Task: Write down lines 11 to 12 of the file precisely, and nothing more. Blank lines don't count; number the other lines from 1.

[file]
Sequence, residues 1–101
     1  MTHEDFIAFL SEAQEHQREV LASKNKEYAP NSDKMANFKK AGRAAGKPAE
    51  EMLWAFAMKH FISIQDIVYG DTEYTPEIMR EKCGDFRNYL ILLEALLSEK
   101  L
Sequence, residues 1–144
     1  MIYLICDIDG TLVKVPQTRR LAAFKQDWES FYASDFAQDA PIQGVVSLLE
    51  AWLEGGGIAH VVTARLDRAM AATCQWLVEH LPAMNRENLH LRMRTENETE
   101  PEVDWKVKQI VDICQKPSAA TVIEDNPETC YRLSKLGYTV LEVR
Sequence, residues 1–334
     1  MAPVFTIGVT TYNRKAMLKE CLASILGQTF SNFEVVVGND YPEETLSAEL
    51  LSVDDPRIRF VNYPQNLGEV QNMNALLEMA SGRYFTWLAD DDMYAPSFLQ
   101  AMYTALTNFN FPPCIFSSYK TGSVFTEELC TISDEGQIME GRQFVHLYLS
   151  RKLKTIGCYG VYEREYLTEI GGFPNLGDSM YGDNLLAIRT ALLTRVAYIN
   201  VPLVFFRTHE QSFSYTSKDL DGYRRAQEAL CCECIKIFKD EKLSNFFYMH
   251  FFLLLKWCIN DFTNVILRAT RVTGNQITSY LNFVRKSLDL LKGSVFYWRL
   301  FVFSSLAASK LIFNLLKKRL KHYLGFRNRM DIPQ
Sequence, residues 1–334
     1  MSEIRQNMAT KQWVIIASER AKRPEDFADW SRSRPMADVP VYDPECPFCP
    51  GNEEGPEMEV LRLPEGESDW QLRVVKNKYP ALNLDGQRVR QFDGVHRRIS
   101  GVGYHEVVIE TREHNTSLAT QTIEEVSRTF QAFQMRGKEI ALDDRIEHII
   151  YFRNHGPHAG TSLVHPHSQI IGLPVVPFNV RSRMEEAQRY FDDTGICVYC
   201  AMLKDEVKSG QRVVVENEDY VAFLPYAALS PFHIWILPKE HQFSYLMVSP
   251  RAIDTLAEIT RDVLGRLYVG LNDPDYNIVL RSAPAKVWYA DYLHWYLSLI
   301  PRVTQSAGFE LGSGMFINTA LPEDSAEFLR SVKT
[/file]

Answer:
    51  LSVDDPRIRF VNYPQNLGEV QNMNALLEMA SGRYFTWLAD DDMYAPSFLQ
   101  AMYTALTNFN FPPCIFSSYK TGSVFTEELC TISDEGQIME GRQFVHLYLS